In a further modification the paper is first coated with a solution of hydroquinone and polyvinyl butyral in acetone, and the remaining ingredients then supplied in one or more additional coatings as in the preceding examples. Alternatively, the hydroquinone is applied as a surface coat, thereby facilitating the formation of a reversal image.

Example 3 A mixture in acetone of silver behanate-behenic acid mixture, zinc oxide and polyvinyl butyral in the proportions indicated in Example 1 is coated uniformly on smooth-surfaced bleached sulfite paper and dried at moderately elevated temperature. The dried coating weighs 8 one gram per square foot. Over the coated surface is next applied under darkroom conditions a solution containing The sheet is again dried at moderately elevated temperatures, drying being completed by holding the web for about two seconds with its uncoated surface in contact with a flock-coated or paper-covered metal panel held at 210 F. The dry coating weight of the second coating is .05.1 gram per sq. ft. The amount of bromide ion is about .9-l.8 molar percent of the amount of silver.

The resulting sheet is particularly useful as a print paper for making enlargements from microfilm negatives by the process of dry photography. As an example, sheets of the coated paper are exposed in a projection system through a microfilm negative to light from a 500-watt tungsten filament lamp at an enlargement of thirteen diameters and the prints are developed by heating for two seconds at 215:5 F. At an exposure time of two seconds a permanent positive high contrast print is obtained upon heat development having dense black image areas. At one second exposure time the image areas are less dense. An exposure time of four seconds also results in dense black image areas, but with some darkening at the background areas, upon heat development.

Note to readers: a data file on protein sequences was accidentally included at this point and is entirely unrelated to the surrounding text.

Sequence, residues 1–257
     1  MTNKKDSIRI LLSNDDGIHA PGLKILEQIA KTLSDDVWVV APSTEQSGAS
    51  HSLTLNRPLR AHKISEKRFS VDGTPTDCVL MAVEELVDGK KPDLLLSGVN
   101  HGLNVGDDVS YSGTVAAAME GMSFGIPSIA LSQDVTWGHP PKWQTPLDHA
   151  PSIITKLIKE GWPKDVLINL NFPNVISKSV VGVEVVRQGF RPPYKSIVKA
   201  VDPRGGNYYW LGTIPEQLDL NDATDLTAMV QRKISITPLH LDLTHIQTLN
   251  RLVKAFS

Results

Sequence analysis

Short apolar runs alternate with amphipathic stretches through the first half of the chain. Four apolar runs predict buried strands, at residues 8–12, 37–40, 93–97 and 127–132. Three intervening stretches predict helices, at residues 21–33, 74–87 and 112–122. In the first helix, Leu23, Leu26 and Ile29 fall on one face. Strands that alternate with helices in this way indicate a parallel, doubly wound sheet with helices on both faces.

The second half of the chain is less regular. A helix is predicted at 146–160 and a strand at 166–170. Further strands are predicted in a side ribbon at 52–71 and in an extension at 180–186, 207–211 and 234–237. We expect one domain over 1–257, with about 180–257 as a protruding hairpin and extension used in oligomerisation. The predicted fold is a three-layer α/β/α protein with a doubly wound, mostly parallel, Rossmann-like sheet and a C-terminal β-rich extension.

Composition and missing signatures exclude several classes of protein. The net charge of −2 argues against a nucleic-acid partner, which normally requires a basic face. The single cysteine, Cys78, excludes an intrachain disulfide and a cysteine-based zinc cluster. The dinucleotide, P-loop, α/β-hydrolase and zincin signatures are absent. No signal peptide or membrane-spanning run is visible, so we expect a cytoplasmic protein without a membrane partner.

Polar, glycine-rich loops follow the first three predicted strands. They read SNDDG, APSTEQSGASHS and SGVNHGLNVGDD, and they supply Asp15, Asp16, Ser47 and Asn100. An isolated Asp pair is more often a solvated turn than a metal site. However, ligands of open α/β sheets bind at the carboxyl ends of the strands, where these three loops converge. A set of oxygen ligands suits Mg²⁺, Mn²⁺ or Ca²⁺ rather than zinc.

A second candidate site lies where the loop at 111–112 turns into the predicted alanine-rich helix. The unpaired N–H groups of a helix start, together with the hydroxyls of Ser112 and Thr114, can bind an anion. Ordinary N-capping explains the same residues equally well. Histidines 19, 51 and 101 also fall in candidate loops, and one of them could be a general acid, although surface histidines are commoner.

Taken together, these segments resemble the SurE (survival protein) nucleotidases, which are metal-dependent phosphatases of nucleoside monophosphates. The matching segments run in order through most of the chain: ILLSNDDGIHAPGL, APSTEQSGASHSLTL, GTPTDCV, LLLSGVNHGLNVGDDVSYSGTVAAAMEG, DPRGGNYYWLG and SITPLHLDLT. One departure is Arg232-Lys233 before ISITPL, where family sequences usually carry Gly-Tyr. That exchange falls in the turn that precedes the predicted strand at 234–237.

The sheet is also useful in the direct preparation of photographic negatives from which positive prints are easily and quickly made. As an example, the sheet is loaded into a camera, focused on a subject at a distance of six feet, and exposed at a lens setting of f2 with flash exposure from a single No. 50 flash bulb in a reflector held adjacent the camera. Development for two seconds at 220 F. produces a fully recognizable negative reproduction of the subject, from which a positive print is readily prepared by the procedure to be described in connection with Example 4.

Example 4 A copy-sheet prepared as in Example 1, or alternatively with the hydroquinone as a separate surface coating, is first exposed to a light-image and heated to form a visible reproduction, the light-struck areas being converted to an intense black.

A receptor sheet is separately prepared using the procedures and compositions as described in Example 1 except that the hydroquinone is omitted. The sheet is uniformly exposed to light.

The imaged copy-sheet is placed in face-to-face contact with the exposed receptor sheet and the composite is heated for two seconds at 220 F. A copy is produced on the receptor sheet in which the color values are again reversed, i.e. the areas corresponding to the initial lightimage now appear light against a dark background. Two or more copies are produced by this method using the same imaged copy-sheet with fresh receptor sheets. The depleted copy-sheet is found to be incapable of undergoing further darkening when exposed to light at background areas and then heated at 220 F.

Example 5 A copy-sheet is prepared and tested as described under Example 1 with the exception that 0.01 gram of ammonium iodide is added to the second coating composition prior to application. The copy-sheet has increased photosensitivity as compared with the sheet of Example 1.

Sheets prepared with ammonium iodide as the sole source of halide ion are less photosensitive than those made with ammonium bromide.

Example 6 Silver behenate is prepared by precipitation from aqueous sodium behenate solution with an equimolar amount of silver nitrate. The precipitate is washed thoroughly and dried, and 14 parts of the dry powder is dispersed in 50 parts of a mixture of equal parts of toluene and methylethylketone and homogenized by forcing through an orifice. To the slurry is added parts of polyvinyl butyral in an additional 50 parts of the solvent mixture.

The composition is applied to 3-mil (.003 inch) Mylar polyester film and dried. The smooth uniform transparent coating weighs one gram per sq. ft.